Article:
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Re: LFX Engine Swap (GM V6) at GWR

Postby Ryan @ GWR » Mon Dec 11, 2017 3:58 pm

Not sure on the bellhousing bolt pattern, it's a hard thing to verify without just buying transmissions from the junkyard and seeing what matches up. I've been really happy with the ratios in the 'box I have, so haven't looked elsewhere much.

I just saw Shandelle from V8Roadsters at PRI this past weekend. They've had some recent extenuating circumstances that have made replies take a lot longer than usual. I hear they're almost back on top of things, but can't hurt to shoot them another follow-up email.
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Re: LFX Engine Swap (GM V6) at GWR

Postby Ryan @ GWR » Thu Dec 14, 2017 11:16 pm

Always so focused on moving forward; next race, next improvement, next season, next steps. Every once in a while though it's fun to glance back to appreciate how far we've come, and it reminds me it doesn't happen over-night.

2011 Buttonwillow 13CW (my first track day) - 2:13.9

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2017 Buttonwillow 13CW (Superlap Battle) - 1:48.4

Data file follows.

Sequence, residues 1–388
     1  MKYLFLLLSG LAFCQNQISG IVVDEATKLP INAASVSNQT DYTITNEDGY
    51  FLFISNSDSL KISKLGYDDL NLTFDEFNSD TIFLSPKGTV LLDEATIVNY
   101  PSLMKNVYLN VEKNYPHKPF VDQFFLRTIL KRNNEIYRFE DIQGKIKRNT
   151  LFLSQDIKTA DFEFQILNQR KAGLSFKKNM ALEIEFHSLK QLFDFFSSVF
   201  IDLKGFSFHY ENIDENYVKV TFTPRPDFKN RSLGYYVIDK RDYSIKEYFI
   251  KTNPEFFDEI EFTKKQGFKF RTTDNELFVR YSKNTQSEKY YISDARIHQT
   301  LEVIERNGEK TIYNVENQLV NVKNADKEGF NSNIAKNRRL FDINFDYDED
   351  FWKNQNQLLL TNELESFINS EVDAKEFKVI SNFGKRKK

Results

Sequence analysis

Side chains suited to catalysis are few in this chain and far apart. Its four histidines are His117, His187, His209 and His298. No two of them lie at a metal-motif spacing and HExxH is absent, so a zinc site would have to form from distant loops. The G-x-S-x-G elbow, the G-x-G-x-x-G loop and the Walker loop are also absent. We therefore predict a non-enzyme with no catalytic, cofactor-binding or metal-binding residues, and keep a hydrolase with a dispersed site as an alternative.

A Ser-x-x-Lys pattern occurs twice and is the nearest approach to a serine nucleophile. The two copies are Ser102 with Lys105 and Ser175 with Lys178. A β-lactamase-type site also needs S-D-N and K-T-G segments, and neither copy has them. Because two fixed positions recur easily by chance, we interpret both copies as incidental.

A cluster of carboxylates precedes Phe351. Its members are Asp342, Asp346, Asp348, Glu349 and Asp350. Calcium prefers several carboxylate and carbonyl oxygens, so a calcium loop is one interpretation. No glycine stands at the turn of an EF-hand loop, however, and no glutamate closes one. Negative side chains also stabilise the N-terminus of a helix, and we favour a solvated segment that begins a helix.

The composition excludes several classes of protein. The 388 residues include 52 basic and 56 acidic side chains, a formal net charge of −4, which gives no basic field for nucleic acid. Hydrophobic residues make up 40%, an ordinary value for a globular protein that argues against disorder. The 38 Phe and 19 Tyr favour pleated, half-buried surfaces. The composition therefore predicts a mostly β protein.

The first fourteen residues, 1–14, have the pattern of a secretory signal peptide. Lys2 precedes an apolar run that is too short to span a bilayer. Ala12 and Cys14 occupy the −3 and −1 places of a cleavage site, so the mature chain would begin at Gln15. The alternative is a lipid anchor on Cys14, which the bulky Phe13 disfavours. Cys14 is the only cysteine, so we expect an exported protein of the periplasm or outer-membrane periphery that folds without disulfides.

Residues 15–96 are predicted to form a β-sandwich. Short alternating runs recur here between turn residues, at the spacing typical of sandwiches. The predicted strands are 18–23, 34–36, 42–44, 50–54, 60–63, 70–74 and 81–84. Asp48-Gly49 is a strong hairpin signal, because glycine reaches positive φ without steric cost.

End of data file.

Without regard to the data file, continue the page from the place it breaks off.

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Re: LFX Engine Swap (GM V6) at GWR

Postby Ryan @ GWR » Mon Dec 18, 2017 5:32 pm

A post about goals.

Those who have been following along with me for a while will recall I’ve posted about goals a couple times over the years. It started small, but years went by with goals achieved, each more ambitious than the last, and both the car and driver kept improving. Then I attended my first Superlap Battle. I realized I had built a quick Miata, but I wanted to make this little Miata something that is fast no matter what you stack it up against. I set my sights on breaking the 1:50 barrier at Buttonwillow (something a Miata had never done before) and taking a podium in Limited RWD at Superlap Battle. This year, I won the class and went 1:48.